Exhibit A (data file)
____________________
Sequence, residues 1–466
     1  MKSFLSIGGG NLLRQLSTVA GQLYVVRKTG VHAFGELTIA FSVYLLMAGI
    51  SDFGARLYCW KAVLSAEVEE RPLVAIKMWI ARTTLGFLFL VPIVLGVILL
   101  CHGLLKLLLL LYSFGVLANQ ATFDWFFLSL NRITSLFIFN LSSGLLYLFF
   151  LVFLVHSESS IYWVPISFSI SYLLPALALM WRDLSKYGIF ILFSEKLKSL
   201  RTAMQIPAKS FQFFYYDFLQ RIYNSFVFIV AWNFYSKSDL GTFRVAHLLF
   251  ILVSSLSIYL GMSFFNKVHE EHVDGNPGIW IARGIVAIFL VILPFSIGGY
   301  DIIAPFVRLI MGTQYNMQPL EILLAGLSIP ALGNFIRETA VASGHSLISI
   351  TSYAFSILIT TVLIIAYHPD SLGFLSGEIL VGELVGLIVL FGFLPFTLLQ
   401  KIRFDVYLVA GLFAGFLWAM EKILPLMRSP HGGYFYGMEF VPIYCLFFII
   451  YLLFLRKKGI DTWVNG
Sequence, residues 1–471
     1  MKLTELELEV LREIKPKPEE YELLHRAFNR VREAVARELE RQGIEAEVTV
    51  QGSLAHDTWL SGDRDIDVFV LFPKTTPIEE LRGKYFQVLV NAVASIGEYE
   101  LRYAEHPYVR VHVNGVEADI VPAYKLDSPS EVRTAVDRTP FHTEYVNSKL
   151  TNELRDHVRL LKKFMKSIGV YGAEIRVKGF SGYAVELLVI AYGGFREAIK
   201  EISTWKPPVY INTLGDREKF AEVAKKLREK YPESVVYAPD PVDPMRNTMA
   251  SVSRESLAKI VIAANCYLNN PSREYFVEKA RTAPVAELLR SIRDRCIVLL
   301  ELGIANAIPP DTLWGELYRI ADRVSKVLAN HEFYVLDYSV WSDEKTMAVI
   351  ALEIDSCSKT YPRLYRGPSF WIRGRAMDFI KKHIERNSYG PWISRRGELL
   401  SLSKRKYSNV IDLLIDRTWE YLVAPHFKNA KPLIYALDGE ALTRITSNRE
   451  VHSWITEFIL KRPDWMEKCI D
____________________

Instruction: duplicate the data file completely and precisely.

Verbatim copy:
Sequence, residues 1–466
     1  MKSFLSIGGG NLLRQLSTVA GQLYVVRKTG VHAFGELTIA FSVYLLMAGI
    51  SDFGARLYCW KAVLSAEVEE RPLVAIKMWI ARTTLGFLFL VPIVLGVILL
   101  CHGLLKLLLL LYSFGVLANQ ATFDWFFLSL NRITSLFIFN LSSGLLYLFF
   151  LVFLVHSESS IYWVPISFSI SYLLPALALM WRDLSKYGIF ILFSEKLKSL
   201  RTAMQIPAKS FQFFYYDFLQ RIYNSFVFIV AWNFYSKSDL GTFRVAHLLF
   251  ILVSSLSIYL GMSFFNKVHE EHVDGNPGIW IARGIVAIFL VILPFSIGGY
   301  DIIAPFVRLI MGTQYNMQPL EILLAGLSIP ALGNFIRETA VASGHSLISI
   351  TSYAFSILIT TVLIIAYHPD SLGFLSGEIL VGELVGLIVL FGFLPFTLLQ
   401  KIRFDVYLVA GLFAGFLWAM EKILPLMRSP HGGYFYGMEF VPIYCLFFII
   451  YLLFLRKKGI DTWVNG
Sequence, residues 1–471
     1  MKLTELELEV LREIKPKPEE YELLHRAFNR VREAVARELE RQGIEAEVTV
    51  QGSLAHDTWL SGDRDIDVFV LFPKTTPIEE LRGKYFQVLV NAVASIGEYE
   101  LRYAEHPYVR VHVNGVEADI VPAYKLDSPS EVRTAVDRTP FHTEYVNSKL
   151  TNELRDHVRL LKKFMKSIGV YGAEIRVKGF SGYAVELLVI AYGGFREAIK
   201  EISTWKPPVY INTLGDREKF AEVAKKLREK YPESVVYAPD PVDPMRNTMA
   251  SVSRESLAKI VIAANCYLNN PSREYFVEKA RTAPVAELLR SIRDRCIVLL
   301  ELGIANAIPP DTLWGELYRI ADRVSKVLAN HEFYVLDYSV WSDEKTMAVI
   351  ALEIDSCSKT YPRLYRGPSF WIRGRAMDFI KKHIERNSYG PWISRRGELL
   401  SLSKRKYSNV IDLLIDRTWE YLVAPHFKNA KPLIYALDGE ALTRITSNRE
   451  VHSWITEFIL KRPDWMEKCI D